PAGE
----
A Fire and Brimstone Christmas

From the Story Arc: Green and Red: A Christmas Story

Previous Story in the Arc: Into the fire by Bestial Boy (Thursday, December 09, 2004)

Next Story in the Arc: Friendly Advice by Bestial Boy (Saturday, December 11, 2004)

(posted Friday, December 10, 2004)

Christmas in the US appeared to be vastly different than Christmas in Czechoslavacia. Here, she found out they have turkey, ham, and stuffing. At home? They have a Christmas carp.

In the US, they have mistletoe. At home, they have the Oplatki.

In the US, they have reindeers and Santa Claus. At home, they have the Bear Festival.

All so different than what she is used to. So she decides to do what any woman would do. Combine them both. Turkey and carp. Mistletoe and Oplatki. Santa and the bears.

So she braves a local store where she can buy whatever she is needing. She purchases a Nativity and a tree, lots of ornaments and tensil, a 20 pound turkey, and a 10 pound carp. She buys seasonings and foil, potatoes and cranberry sauce, bread and stuffing. She buys apples, pumpkin, and pecans for pies. She gets it all home and in her apartment when she realizes one small problem.

She has no idea how to make a turkey. No idea how to decorate an American Christmas tree. No idea where to put the mistletoe. And NO clue how to make a flacky piecrust that is, according to commercials for flour "melt in your mouth". How is a flaky crust to melt in your mouth? She spent hours trying to figure that one out.

So, she asked her neighbor, an woman of 76 years old, how to make a flaky piecrust that will "melt in your mouth", a turkey, stuffing and homemade rolls, pies galore, and everything else necessary for a traditional American Christmas. When the old woman could finally breath again from laughing, she tells Carpathia that it's a good thing that it's several days before Christmas because it's going to take a while to teach her how to make a traditional feast. So Car, decked out in black slacks, her hair and makeup done to perfection as she has seen on all the cooking shows, a red sweater and a large white apron that reads "Kiss the Cook" meets with her neighbor for, as Mrs. Murphey calls it, "Cooking 101". Car, trying to understand why it's called 101, is patient as she listens to the instructions given her.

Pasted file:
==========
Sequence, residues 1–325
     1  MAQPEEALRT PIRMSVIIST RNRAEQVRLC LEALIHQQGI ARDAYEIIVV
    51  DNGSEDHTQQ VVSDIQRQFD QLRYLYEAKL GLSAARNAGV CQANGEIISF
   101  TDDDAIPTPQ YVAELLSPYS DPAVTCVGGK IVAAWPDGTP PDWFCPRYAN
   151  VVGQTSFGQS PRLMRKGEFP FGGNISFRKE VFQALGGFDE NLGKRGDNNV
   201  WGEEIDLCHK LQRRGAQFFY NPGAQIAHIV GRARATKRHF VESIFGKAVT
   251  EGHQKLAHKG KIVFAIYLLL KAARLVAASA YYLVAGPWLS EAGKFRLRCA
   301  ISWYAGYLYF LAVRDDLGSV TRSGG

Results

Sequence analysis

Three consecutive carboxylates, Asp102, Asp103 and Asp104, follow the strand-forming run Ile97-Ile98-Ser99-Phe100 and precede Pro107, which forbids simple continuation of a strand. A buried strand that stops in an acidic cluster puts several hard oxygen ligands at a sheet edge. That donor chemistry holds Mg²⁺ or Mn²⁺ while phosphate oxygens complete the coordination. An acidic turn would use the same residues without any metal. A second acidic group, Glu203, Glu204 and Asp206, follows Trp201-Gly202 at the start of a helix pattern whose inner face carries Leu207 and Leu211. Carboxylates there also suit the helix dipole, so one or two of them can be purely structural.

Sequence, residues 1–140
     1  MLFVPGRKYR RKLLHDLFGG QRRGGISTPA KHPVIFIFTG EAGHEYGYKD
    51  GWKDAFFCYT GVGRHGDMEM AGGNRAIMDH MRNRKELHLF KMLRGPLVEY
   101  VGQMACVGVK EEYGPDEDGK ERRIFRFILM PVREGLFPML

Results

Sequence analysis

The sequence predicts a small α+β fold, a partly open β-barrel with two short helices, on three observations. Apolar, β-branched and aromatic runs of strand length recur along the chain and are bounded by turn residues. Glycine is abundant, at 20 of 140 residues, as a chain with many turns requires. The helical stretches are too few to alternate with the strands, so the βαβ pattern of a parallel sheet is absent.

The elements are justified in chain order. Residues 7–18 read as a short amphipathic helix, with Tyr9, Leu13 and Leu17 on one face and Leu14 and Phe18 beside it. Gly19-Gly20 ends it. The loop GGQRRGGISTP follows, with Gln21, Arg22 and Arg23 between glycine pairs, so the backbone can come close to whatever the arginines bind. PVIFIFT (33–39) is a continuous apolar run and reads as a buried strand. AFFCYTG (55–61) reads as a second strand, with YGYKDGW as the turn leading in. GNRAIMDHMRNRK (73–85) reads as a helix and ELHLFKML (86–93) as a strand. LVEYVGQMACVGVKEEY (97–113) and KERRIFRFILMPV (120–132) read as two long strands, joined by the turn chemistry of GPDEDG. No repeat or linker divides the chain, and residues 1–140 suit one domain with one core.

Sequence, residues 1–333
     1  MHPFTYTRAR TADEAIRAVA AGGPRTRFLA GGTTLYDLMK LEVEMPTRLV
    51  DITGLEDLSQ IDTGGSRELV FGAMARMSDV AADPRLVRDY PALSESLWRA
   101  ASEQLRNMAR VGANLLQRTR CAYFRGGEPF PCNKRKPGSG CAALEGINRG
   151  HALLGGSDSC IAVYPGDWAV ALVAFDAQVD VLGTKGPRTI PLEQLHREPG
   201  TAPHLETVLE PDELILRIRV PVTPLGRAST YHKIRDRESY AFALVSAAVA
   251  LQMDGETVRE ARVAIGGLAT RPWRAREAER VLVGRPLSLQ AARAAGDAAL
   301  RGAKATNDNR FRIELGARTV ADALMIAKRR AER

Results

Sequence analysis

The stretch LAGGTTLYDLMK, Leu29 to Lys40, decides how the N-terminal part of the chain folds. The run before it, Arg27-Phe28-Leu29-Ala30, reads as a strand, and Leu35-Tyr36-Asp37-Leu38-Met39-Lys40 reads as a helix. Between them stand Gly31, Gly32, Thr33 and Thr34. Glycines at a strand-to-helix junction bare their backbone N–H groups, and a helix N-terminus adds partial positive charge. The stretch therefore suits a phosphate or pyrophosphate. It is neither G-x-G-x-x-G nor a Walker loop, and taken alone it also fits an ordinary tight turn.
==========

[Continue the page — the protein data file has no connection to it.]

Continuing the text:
After an afternoon of piemaking, Carpathia finds several things about flour.

1) It's combustable.

2) It's lighter than air.

3) It CLINGS to black.

4) it hates staying in the bowl and will always attempt to leave it whenever something is put into the bowl with it.

That evening as Mrs. Murphey left, wiping tears of laughter from her eyes, Car looks at her kitchen and sits down in the middle of the floor. A grand total of 2 pies sit on her counter and the majority of a 10 pound bag of flour lines her cabinets, floor, head, stove, and every other nook and cranny in her kitchen. The apple pie turned out horrible. Forgetting to add shortening, this white grease, to the makings of a piecrust, apparently, is a very bad thing. And not adding spice to the canned pumpkin for a pumpkin pie makes for a horrible tasting pie. Here! Have some of my delicious cardboard apple and pumpkin rind pies! Please!

Having promised Mrs. Murphey that she would go shopping for new pie makings tomorrow, she also promises she will not attempt anything on her own. So shamefaced, pulling herself off the floor, she heads for the bathroom to shower the dough from her hair and then back to her kitchen to take on the challenge of getting all the flour off the floor, cabinets, and out of every nook and cranny in the room.

She sighs as she mops up the last of the flour, stretching her back with a grimace because they don't make mops tall enough for her, and laughs with self irony, "Zach, Sie verbessern sind dankbar für alle, die ich für Sie tue!"

After tossing the pies in the trash, she shuts out the light and heads to bed for a well deserved rest!